Protecting data and learning to mitigate IT risk is an increasingly important and complex priority for many enterprises. Intellectual property, customer data, and Big Data are often among their most valuable assets – critical keys to maintaining a competitive edge. Technology failures, disasters, human error and security events are the top IT risks that can lead to leaked or destroyed data, or hinder an enterprise’s access to and use of that information.
The cost of such disasters, failures and errors include time, money and reputation. To effectively develop or update your company’s Risk Management and Disaster Recovery strategy, I recommend a 3-prong approach: try to broaden your IT perspective to regularly include new technologies, remain focused on data and seek to proactively identify potential threats.
IoT Related Risk
In this Internet of Things (IoT) age, remember to consider all new devices connecting to your network or the internet. This includes employee-owned devices authorized through a Bring Your Own Device (BYOD) program, as well as other unauthorized devices (sensors, wearables and other gadgets) that may become connected to your network whether you know it or not.
While IoT is a contemporary challenge, many associated risks—such as weak passwords and obstacles to updating and upgrading devices—are nothing new. An inventory of all IT hardware, regular audits, and the use of open source IoT platforms can help address these issues.
Consider the likelihood of related risks and the severity of the potential damage associated with them. Which risks can you afford to take and which should be addressed? Schedule an annual risk assessment, as well as additional assessments when IT changes occur. Once areas of concern are identified, follow industry best practices for mitigating those risks.
Failures and Downtime
The cost of unplanned downtime is rising. According to a Ponemon Institute’2016 report, the average cost of data center outages increased 7% since their last study and 38% since the first study in 2010.
The 2016 study identified the top four causes of downtime as UPS system failure (25%); human error (24%); Distributed Denial of Service, aka DDoS (22%); and water, heat, or air conditioning failure (11%).
To reduce the three technology-related causes noted above, institute N+1 redundancies and monitor IT health to predict failures. Be prepared to reroute traffic for processing and storage. Put measures in place to take technology out of service and repair or replace it promptly.
Up-to-date employee usage policies, solid change management, training, rewards, feedback and ample rest can help minimize the risk of human error.
Mitigate Disaster-Related Risk
Business Continuity and Disaster Recovery planning can help mitigate disaster risks, including those that affect IT.
Prepare for minimal business interruptions by installing backups designed on multiple technologies and diverse locations that are tailored to the specific needs of your data. There are various backup methods available today, including Disaster Recovery as a Service (DRaaS), which allow you to restore data at rest, data in transit and newly created data.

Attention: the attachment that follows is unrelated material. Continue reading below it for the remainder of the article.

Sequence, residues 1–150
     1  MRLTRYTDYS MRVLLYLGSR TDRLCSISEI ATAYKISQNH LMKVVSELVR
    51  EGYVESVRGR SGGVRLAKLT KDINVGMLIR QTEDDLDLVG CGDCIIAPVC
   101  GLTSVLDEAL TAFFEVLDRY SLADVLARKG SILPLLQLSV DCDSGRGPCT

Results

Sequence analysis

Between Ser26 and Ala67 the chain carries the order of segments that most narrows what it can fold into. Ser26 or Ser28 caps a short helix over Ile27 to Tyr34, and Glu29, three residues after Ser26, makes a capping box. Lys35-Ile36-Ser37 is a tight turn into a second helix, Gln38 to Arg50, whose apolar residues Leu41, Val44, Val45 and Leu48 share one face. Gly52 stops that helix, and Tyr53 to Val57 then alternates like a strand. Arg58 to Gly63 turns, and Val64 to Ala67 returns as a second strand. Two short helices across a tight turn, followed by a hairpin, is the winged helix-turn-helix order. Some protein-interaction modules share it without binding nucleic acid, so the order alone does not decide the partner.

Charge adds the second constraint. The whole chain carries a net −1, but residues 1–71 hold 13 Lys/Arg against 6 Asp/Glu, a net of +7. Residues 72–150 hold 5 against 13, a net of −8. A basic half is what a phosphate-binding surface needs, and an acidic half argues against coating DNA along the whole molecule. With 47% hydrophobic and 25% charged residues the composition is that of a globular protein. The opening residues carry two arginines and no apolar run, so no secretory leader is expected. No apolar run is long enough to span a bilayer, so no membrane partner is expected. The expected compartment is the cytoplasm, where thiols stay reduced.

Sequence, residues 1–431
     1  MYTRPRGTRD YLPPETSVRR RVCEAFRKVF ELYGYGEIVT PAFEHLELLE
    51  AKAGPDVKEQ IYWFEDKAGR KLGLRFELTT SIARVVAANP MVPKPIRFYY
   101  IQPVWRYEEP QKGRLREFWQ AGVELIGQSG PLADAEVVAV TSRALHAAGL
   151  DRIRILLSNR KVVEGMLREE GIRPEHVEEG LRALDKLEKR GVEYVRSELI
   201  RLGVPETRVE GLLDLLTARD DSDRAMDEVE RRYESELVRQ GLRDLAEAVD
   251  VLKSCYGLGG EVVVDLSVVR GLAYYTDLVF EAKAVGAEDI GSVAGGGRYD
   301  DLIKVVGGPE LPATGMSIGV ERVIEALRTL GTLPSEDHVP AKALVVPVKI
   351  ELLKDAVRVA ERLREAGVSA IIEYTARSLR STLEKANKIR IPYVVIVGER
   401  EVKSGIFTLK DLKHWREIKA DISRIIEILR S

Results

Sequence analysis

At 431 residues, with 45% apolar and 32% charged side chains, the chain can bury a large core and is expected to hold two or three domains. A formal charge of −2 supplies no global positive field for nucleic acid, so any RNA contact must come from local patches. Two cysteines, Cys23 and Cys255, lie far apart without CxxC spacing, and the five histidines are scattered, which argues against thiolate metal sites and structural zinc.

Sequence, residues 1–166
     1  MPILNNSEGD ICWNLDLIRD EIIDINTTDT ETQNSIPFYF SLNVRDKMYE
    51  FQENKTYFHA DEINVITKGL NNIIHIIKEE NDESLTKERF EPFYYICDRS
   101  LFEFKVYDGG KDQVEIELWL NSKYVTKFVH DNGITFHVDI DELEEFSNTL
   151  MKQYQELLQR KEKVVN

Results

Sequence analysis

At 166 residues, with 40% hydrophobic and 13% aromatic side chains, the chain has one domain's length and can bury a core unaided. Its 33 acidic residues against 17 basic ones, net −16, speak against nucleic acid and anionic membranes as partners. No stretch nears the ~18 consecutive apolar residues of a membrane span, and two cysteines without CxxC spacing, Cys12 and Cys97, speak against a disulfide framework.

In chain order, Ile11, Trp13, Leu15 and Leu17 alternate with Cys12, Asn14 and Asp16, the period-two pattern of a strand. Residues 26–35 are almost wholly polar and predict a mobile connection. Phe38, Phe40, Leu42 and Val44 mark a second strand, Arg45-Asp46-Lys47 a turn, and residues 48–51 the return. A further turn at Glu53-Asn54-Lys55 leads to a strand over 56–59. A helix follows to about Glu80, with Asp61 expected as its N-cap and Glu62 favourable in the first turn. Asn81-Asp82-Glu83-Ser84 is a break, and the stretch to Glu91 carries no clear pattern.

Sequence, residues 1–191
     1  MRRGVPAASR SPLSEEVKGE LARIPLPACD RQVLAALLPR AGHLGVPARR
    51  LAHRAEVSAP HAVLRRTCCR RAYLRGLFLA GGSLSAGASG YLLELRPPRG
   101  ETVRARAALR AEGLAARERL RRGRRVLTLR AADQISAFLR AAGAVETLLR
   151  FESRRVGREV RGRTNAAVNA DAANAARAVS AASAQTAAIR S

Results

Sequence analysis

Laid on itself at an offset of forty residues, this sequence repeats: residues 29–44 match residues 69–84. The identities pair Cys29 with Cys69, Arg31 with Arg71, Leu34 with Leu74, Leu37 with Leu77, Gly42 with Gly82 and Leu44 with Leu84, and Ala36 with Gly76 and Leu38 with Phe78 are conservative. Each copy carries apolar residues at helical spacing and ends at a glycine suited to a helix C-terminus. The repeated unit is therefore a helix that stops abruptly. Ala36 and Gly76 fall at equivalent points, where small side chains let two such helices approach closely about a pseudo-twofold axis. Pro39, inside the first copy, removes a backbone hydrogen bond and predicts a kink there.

Regular backup testing will help ensure full restoration within set time limits for business continuity and eliminate unfortunate surprises in the event of an actual event. This includes developing set Recovery Point Objectives (RPO) that define allowable data loss, as well as Recovery Time Objectives (RTO).
Mitigate Security Risk
Reduce IT security risks by building your network and IT assets from the ground up with security top of mind. Segment systems that use your most precious data from the networks that don’t need access to that data. Use strong encryption and specific data techniques that make it harder for anyone who might steal the data to read it.
Behavior-based security technologies that use artificial intelligence (AI) and machine learning are best suited to detect the latest advanced threats, including Ransomware.
Make Time To Take Action
Most tech executives agree that they lack the necessary skills internally to keep their systems and data secure. But, putting off mitigating a security risk such as ransomware to a later date is quite risky and oftentimes never dealt with at all. Consider whether your organization has the expertise and the current bandwidth to ensure you don’t become a statistic. If this analysis isn’t already part of your annual budgeting process, it should be added immediately.
We always welcome questions and conversations about what keeps IT and business leaders challenged; and how our solutions can help enterprises stay at the top of their game. We offer the added benefit of local, in-house expertise that can help your team address how to meet your current requirements and your future security needs.
Chris Scaglione is VP and General Manager at TierPoint where he leads business operations and client engagement. Tapping a 26-year career in IT strategy and management, Chris guides clients through the rapid evolution of business technology and IT services with a focus on helping companies apply the right technologies that drive value, efficiencies and market opportunity.